We didn't go out after all 'cos it was hammering down with rain and we'd planned on taking a picnic with us...so we'll go tomorrow instead.

But my new book came this morning so I've been driving Himself quite crackers with reading bits out...it's called How our ancestors died and is extremely well-written and thoroughly researched into the commonest causes of death among all age groups going back to the 1600's when it tended towards smallpox and plague...the remedies are alarming...plants and substances we now know to be extremely poisonous were doled out as a matter of routine and I daresay killed most sick people off before their original ailment had time to.

The author covers the various wars which one's ancestor may have fought in...including the Opium Wars which I'd heard of vaguely...Britain went to war with China twice...1839-42 and again in 1856-60 because the Chinese wanted to restrict the use of opium among it's people and Britain was more concerned about the opium trade they'd established between India...then under British rule of course...and China. The British won and forced China to accept Indian opium imports again.

He includes many web sites to find out more information about all the chapters he covers in the book...locating soldiers graves for instance and finding Workhouse and Lunatic Asylum records...there is a site which specialises in the offences for which sailors were lashed or made to walk the gang plank in the 1700's...you need to have an idea of your unfortunate ancestors name for that site though.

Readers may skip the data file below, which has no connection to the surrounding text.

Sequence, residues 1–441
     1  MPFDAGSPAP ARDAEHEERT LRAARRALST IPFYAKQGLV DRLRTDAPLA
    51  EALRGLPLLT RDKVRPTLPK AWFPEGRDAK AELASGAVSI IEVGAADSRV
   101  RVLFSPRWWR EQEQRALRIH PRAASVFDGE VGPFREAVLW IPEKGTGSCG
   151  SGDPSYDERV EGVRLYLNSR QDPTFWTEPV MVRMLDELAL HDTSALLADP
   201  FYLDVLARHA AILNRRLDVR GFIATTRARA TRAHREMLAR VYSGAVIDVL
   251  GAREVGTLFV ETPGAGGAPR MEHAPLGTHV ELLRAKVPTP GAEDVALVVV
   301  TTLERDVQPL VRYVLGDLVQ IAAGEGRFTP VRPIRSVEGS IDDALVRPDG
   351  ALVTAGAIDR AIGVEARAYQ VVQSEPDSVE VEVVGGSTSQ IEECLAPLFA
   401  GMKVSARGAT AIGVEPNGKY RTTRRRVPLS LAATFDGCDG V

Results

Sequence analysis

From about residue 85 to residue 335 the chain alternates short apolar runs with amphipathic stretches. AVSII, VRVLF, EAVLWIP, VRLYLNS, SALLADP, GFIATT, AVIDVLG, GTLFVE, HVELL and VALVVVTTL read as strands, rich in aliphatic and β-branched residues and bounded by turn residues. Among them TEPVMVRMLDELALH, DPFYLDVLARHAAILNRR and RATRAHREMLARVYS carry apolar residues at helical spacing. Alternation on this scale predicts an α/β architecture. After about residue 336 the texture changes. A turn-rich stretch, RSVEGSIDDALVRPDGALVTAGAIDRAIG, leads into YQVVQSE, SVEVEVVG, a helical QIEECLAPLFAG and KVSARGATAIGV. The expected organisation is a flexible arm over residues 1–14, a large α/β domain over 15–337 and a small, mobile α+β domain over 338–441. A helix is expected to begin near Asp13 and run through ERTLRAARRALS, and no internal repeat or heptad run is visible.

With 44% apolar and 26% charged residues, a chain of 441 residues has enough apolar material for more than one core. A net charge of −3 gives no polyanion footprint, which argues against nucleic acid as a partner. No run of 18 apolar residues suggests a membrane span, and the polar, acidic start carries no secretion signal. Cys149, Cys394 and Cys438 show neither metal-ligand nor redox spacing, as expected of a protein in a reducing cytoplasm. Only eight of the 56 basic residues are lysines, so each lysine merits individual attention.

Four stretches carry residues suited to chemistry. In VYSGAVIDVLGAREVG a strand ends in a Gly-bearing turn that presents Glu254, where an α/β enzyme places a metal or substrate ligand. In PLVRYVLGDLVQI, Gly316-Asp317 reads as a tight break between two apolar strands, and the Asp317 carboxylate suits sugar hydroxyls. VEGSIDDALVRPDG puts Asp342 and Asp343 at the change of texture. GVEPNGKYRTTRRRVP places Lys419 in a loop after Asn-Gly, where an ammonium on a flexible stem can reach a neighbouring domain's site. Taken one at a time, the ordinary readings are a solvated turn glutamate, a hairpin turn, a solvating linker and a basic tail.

It's very interesting, and I shall probably continue to bore you to tears with snippets I find for quite a while to come.

I can't put a finger on why the handsome James died at the age of 44 so I'm going to splash out and order his death cert. He was an ag lab so might well have met with an accident...

While looking for an ancestor who emigrated to Australia earlier this afternoon I found he'd died of the drink and the Coroners report gave other inquests he'd presided over...one poor man had been kicked in the head by a horse...another chap had fallen from a ladder...and three people from the same family were murdered...the murderer was in custody awaiting trial apparently...they are records from 1902 which were carefully recorded and obviously well kept and stored.

Australian records...like the ones from America...are detailed and frequent. It's possible to trace a persons arrival in the 1800's to their eventual demise in the 1930's with every detail of their work, marriages and children with very little effort on the part of the searcher. Most of the passenger lists for the ships also include who the emigree was going to live with once they arrived and the name of the ship they sailed on...some ships even have photos. It is the Irish people who emigrated who never seemed to include the county they hailed from...so it is simply Ireland, as the place of birth, which is no help whatsoever.

It's still raining.